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What intrigued me about Stephen McNeil’s “time to take some tough measures… wake-up call” on COVID at his briefing last Tuesday afternoon was not the premier’s own stay-the-blazes-home-again announcement, but the pronouncements that preceded it.
On Monday, the night before the government imposed a mandatory two-week closure of all bars and restaurants in Halifax beginning Thursday, the Restaurant Association of Nova Scotia — representing “the 30,100-plus people, including chefs, cooks, owners, managers, suppliers, wait-staff, sommeliers, kitchen help, caterers and more that make your food experience more memorable” — held an emergency meeting of its board of directors.
In light of rising COVID case counts, many of them traceable to bars and restaurants, the association unanimously agreed to call on its Halifax members to voluntarily stop dine-in services for at least the next two weeks.
Even before the association made that call, some bar owners, like Brendan Doherty of the Old Triangle, had voluntarily shuttered their doors, Doherty closed his popular downtown pub for two weeks because, as he told the CBC, “it’s the right move.”
The Triangle was far from the only establishment to shut down pre-emptively. “Keeping the community safe is our priority,” Matt Boyle, the co-owner of Dartmouth’s Dear Friend Bar, explained on Instagram last Monday as he too turned off his taps until further notice. His bar only opened this summer.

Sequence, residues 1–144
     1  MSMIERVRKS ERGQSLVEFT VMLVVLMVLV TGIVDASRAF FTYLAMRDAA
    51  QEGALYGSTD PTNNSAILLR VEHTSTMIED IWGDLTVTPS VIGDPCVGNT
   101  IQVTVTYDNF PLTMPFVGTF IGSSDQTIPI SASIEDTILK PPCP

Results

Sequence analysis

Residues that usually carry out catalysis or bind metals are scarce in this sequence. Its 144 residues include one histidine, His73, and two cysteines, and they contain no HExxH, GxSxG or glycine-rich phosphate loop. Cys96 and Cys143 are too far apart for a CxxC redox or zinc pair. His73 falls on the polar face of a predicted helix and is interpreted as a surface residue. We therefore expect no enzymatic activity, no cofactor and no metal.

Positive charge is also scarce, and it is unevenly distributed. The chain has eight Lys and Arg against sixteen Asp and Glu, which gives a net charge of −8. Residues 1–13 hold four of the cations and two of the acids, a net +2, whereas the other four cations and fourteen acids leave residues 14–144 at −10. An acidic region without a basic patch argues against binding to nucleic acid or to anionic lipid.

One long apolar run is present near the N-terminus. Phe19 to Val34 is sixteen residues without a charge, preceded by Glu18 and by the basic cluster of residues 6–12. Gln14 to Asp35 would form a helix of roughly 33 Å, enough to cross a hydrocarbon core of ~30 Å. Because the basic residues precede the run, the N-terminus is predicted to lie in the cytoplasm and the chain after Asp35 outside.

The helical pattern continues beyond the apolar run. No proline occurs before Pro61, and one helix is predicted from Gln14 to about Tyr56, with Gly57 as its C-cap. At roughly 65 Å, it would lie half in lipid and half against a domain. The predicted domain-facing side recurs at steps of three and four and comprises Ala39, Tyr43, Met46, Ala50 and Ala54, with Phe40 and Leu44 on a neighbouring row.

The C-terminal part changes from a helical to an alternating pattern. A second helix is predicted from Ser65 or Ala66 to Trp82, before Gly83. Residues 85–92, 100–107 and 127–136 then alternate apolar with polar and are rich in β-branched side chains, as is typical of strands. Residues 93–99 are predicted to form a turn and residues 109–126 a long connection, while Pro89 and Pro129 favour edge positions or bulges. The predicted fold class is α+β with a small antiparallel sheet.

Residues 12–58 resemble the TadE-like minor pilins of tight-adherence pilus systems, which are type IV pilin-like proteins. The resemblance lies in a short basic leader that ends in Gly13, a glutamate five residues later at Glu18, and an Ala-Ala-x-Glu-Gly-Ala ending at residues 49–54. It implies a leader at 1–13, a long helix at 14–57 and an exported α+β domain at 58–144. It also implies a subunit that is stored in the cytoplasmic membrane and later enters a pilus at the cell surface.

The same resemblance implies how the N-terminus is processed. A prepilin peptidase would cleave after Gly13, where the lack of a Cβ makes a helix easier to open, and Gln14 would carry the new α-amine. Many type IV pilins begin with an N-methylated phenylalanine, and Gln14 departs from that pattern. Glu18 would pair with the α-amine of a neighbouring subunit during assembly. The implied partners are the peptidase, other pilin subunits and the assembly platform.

Bars and restaurants weren’t the only places being proactive.
On Saturday, four days before the government announced new limits on public gatherings, an employee of the Halifax Mooseheads — someone not in contact with the Quebec Major Junior hockey team’s players or staff, and who hadn’t been at the team’s game the night before — tested positive for COVID. While public health officials didn’t recommend anything more stringent in the short term than self-monitoring, the team on its own immediately cancelled its scheduled game for that night and another for the upcoming Wednesday. “We’re just being extremely cautious right now,” Mooseheads general manager Cam Russell told the Chronicle Herald’s Willy Palov. “We just don’t want to fool around with this.”
Neither did Neptune Theatre. Artistic Director Jeremy Webb had optimistically scheduled the opening night of the theatre’s formerly normal annual seasonal run of Dickens’ classic, A Christmas Carol, for last Tuesday. The physically distanced production was intended to be a triumphant re-opening fundraiser for the COVID-battered theatre and had generated what Webb described as an “uplifting… outpouring of excitement and enthusiasm” from stage-starved local theatre patrons. But even before the province lowered the curtain, Webb unilaterally cancelled the show. “We didn’t think it was the right time to be encouraging people to gather at the theatre for a show,” he said.
One can argue the inexorably increasing numbers of positive COVID diagnoses in the city in recent weeks made mandatory government restrictions inevitable and, therefore, those businesses were just looking to earn brownie points for doing on their own what they would soon have no choice but to do… But I think there’s more to it than that.